Studying the works of philosophers and the minds of others made me question what life is all about.  Not that I have found any answers.  The secret to life found in a sporting event?   I don’t know.  Is it going to make me happy?  I don’t know.  Some would say it’s a waste of my time.  Are they right?  I don’t know.  Only I can make those decision to be fair.  It’s up to ourselves to figure out what  true happiness is to us.

Sports was what made me happy when I was that kid chasing the lights at the end of the week hoping for touchdowns and extra points.  As I’ve gotten older I’ve looked at the writing of those before me to ask what it’s all about?  What are we doing here?  What have we learned?  Does what I feel match up with others?

Sure there are millions who worship at the church of football on the weekend and I am good with that.  You do your thing.  It’s not been that long since I was there.  Less than 10 years ago I was sitting behind the bench at a Virginia Tech football game watching them play Rutgers.  Now I can’t tell you half of the roster much less the starters.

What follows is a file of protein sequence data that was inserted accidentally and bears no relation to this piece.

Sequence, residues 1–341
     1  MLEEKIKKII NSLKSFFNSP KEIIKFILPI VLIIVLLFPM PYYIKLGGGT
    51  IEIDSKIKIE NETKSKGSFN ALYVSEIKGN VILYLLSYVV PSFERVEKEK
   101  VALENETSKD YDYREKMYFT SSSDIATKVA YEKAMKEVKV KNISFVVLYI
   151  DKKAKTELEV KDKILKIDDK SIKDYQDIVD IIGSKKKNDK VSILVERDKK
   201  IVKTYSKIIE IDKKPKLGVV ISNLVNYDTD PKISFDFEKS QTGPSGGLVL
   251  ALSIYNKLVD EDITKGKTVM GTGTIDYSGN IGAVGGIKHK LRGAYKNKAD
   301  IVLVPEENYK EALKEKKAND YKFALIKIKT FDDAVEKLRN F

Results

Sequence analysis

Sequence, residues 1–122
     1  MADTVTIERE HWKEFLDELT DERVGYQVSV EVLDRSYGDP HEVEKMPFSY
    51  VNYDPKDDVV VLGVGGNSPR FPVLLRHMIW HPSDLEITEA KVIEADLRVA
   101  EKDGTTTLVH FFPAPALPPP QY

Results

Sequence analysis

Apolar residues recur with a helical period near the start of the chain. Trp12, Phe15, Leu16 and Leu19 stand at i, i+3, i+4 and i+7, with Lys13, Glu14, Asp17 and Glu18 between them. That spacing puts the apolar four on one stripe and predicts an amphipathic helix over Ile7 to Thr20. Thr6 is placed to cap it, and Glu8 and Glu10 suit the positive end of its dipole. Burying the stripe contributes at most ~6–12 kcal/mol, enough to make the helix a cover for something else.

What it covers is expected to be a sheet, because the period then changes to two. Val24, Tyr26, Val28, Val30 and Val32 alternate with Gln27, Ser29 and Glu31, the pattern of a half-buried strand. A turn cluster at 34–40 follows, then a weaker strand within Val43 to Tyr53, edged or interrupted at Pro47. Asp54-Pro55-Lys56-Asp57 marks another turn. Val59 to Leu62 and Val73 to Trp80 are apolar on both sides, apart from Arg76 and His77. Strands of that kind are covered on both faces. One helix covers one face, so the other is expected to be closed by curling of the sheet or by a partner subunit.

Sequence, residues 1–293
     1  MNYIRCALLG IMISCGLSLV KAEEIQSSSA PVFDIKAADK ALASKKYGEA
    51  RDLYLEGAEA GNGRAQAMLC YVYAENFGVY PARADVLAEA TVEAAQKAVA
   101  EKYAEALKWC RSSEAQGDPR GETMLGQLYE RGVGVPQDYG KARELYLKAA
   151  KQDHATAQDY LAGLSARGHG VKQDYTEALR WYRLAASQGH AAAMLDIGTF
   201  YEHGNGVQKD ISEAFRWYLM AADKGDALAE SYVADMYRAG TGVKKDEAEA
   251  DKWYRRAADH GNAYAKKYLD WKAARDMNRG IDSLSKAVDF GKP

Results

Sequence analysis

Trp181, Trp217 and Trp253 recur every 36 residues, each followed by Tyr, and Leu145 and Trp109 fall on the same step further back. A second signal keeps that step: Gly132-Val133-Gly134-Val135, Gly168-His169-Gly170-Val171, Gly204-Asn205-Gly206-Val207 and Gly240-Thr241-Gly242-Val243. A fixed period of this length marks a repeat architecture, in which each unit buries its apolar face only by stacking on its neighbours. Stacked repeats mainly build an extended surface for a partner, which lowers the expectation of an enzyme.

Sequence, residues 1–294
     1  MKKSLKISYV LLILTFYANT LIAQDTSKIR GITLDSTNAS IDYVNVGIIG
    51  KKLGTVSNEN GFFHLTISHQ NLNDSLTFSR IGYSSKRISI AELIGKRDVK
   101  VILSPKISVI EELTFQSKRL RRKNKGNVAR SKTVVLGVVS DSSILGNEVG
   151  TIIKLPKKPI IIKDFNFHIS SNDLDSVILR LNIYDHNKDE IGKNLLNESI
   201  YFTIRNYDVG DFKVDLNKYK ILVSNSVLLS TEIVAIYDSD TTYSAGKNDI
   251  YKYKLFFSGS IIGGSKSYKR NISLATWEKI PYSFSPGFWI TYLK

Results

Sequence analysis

It makes me feel empty in a way – something that made me so happy for so long now feels so distant.  It feels so worthless but I was the one that gave sports a value.  It was me who chose to treasure a game.  I made my own happiness in a life that revolved around sports.

What happens though when you try to find a way to play the games?  When you try to pick up one of the most demanding sports at an advanced age but can’t complete one of the most fundamental actions?  The ability to stop in hockey makes it difficult to play at any level.  You can love to play the game but when it leaves you frustrated and pissed off at yourself how do you cope?  You keep hearing that if you want to do something you try and try and you can do anything.  Keep trying.  At some point the doubt creeps into your mind and the happiness is pushed out.

Doubt and sadness begin to take over.  The aches and pains of a body that does not recover or move like it used to lead to more agitation.  Six months after beginning the process and looking back on what I’ve done, I’m not sure what I’ve accomplished.  However, I never went into this with a goal.

Maybe that’s where I went all sideways – I should have had a goal.  But goals can be good and bad.  They can push you to achieve them but after you achieve them where do you go?  Set another one?  For some, you find yourself struggling to bother.  For others you aren’t sure where to set the next one.  I have a hard time setting goals because I don’t know where I’m going to end up.  I tend to go with the flow.  I find myself at the bottom before I see the waterfall.